8

There are two main ways. ① If there's a good reason to suspect borrowing. For example, English and Hebrew aren't etymologically related at all, but English chutzpah looks very similar to Hebrew חוצפה (ħuzpa, "audacity"). Could they be connected? Well, we don't see the word chutzpah in English before the 20th century, it contains a sound that's ...


7

Just to illustrate that there is not a complete consensus about the definition, this is how David Crystal defines it in A Dictionary of Linguistics and Phonetics cognate (adj./n.) (1) A language or a linguistic form which is historically derived from the same source as another language/form, e.g. Spanish/Italian/ French/Portuguese are ‘cognate languages’ (...


7

Cognates are only words shared in two sister varieties that have been inherited genetically from a parent variety. From Campbell and Mixco's A Glossary of Historical Linguistics: cognate A word (or morpheme) that is related to a word (morpheme) in sister languages by reason of these words (morphemes) having been inherited by the related languages from a ...


7

Shyamsundara Dasa's Hindi Shabdasagar dictionary has an entry (link): बिगुल संज्ञा पुं० [अं०] अँगरेजी ढंग की एक प्रकार की तुरही जो प्रायः सैनिकों को एकत्र करने अथवा इसी प्रकार का कोई और काम करने के लिये संकेत रूप में बजाई जाती है । मुहा०—बिगुल बजना = (१) किसी कार्य के लिये आदेश होना । (२) कूच होना । It says "an English style of horn usually used to call ...


7

It depends what you mean by "tend to create". For one, there are certain words that do tend to be the same across unrelated languages—for external reasons. English boom and Ancient Greek bómbos look very similar, because they're both imitating the same sound. Quite a lot of languages have a word for "mother" that sounds like mama, ...


6

As Draconis says, some conjugations of ser are cognate with Latin esse derived words in English, but not all. I made this chart (based on this blog post) a while ago, it details which are which: ^ Note for ve In voseo dialects, the 2nd person sing. pos. (vos) imperative for ir is andá (from Latin ambulare). This is cognate with Spanish andar, Catalan anar, ...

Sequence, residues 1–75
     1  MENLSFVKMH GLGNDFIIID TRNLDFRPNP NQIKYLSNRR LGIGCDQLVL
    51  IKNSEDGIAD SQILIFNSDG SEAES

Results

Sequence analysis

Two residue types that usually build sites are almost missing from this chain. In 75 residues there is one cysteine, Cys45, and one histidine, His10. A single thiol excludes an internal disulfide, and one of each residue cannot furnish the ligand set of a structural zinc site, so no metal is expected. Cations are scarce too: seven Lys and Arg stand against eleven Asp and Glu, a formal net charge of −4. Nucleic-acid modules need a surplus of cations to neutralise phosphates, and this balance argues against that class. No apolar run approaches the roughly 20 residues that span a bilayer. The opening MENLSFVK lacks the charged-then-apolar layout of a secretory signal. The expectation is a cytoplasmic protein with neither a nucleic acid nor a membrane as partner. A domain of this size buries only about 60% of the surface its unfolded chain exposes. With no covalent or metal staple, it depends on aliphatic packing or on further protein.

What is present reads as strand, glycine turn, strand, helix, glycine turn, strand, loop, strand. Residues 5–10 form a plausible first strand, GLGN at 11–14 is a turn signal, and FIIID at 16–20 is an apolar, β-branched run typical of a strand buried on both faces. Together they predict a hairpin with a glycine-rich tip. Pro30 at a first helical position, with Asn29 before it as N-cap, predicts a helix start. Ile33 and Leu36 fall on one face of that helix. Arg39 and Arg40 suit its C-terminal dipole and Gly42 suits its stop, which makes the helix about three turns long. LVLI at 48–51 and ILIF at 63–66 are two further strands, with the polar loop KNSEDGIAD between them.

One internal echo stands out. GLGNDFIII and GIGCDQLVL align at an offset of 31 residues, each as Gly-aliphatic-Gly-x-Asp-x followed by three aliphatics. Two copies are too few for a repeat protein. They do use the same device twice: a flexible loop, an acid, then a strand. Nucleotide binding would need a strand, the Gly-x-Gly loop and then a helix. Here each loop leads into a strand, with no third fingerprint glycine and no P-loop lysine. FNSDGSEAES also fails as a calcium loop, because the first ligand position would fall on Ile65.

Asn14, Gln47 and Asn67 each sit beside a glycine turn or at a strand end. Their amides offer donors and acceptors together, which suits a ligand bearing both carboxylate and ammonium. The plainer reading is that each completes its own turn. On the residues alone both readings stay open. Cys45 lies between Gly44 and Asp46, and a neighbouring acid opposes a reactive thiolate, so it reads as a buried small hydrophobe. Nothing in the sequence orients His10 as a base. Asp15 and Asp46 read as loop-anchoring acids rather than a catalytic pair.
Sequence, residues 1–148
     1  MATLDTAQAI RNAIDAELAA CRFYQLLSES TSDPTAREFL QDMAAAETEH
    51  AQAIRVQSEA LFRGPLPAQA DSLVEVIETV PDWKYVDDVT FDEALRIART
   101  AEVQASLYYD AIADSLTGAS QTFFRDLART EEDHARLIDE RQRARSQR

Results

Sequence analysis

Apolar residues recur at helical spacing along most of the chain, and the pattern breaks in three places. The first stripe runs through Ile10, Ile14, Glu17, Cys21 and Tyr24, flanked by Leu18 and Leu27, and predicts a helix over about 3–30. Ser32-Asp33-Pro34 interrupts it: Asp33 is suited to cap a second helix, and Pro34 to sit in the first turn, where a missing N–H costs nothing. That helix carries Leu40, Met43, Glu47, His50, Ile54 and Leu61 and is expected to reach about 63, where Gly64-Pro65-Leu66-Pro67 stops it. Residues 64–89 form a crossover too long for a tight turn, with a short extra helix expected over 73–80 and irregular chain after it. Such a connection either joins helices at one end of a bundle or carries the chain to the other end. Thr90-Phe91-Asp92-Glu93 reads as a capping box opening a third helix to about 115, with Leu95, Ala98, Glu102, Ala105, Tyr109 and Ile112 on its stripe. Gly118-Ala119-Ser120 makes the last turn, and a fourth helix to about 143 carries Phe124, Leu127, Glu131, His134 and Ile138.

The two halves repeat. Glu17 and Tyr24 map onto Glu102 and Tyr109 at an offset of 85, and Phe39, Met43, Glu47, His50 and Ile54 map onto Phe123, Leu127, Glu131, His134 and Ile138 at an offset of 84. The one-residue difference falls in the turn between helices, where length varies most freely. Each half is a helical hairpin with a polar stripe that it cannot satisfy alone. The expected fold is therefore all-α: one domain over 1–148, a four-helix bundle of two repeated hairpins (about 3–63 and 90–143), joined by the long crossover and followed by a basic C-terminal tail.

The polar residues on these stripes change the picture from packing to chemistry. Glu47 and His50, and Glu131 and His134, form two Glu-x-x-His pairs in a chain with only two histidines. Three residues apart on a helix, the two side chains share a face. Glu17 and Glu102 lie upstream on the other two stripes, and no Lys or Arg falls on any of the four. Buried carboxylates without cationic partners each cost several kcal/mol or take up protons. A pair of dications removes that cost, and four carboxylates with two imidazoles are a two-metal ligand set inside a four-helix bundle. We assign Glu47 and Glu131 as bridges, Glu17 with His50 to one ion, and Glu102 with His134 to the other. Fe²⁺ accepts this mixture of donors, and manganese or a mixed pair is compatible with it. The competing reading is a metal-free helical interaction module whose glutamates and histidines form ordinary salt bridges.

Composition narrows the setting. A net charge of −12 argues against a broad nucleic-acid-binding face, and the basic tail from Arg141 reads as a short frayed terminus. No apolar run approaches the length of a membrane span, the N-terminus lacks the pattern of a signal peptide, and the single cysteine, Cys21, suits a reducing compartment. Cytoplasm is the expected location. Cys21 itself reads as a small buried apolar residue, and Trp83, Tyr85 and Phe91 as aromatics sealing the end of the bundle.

6

According to the Norske Akademis Ordbok, gøy is from English “gay”.


6

It is indeed true! Proto-Indo-European *ḱel "conceal" > Proto-Germanic *haljō "concealed place" > Old English hell "underworld" > English "hell" Proto-Indo-European *ḱel "conceal" > Latin *ob-celō > occulō "conceal" > occultus "(that which is) concealed" > English "occult"


5

First off, let me say I'm not sure why your question has so many close-votes: it is directly about the etymology of a word, and so is definitely within scope. Okay, elusive comes more-or-less directly from Latin. Latin has the word ēlūdō which apparently can mean "avoided". This word is made up of ex- (out of) and lūdō (a trick). This is evidence against ...


5

Most often, the expression “false cognate” is used as a synonym for “false friend”. If you google with them, you will mostly find pages that use them synonymously. However, other meanings have also been proposed. In Concise Encyclopedia of Semantics edited by Keith Allan, the article “False friends”, p. 308–309, describes false cognates as a special case of ...


5

You can look up PIE roots from Walde-Pokorny here. This contains a link to a language index, which could lead you to the Latin list, although you'd have to know that facio is related to putrefacio and a number of other words (odd that facio itself isn't an entry), which would point you to * dhe, and that would list everything-ish coming from that root.


5

Henning, Das Verbum des Mittelpersischen der Turfanfragmente (1933) p. 187 posited Iranian *xwaz, ‘wish, want’, represented by Middle and New Persian xwāh-, with long-grade present stem, the regular SW Iranian shift of /z/ to /d/, and then a specifically Persian dialect shift of /d/ to /h/. Johnny Cheung, Etymological dictionary of the Iranian verb (2007), ...


5

In Proto-Germanic (PG) the prototypes of all the four words had the diphthong /au/ in the root: rot < PG *raudaz tot < PG *daudaz kaufen < OHG noun koufo (“merchant”) < Latin caupō (“tradesman, shopkeeper”) laufen < PG *hlaupaną During the transition from Proto-Germanic to Old High German the diphthong /au/ > /ô/ before /r/, ...


5

There are no really secure cognates outside the Germanic languages (see, e.g., The Wiktionary entry expressing the doubts about outer-Germanic relations). A maybe unexpected English cognate is fidget (see http://www.woerterbuchnetz.de/cgi-bin/WBNetz/wbgui_py?sigle=DWB&lemid=GF04100 ) One can try to relate the f-word with Latin pugnus "fist", pugnare "to ...


5

The Bactrian letter <ϸ> is for /ʃ/, not /θ/. It is possible that it originated in the word χϸονο "calendar year", which is probably borrowed from Greek χρόνος. In this case, <ϸ> could have started out as an elongated <ρ>.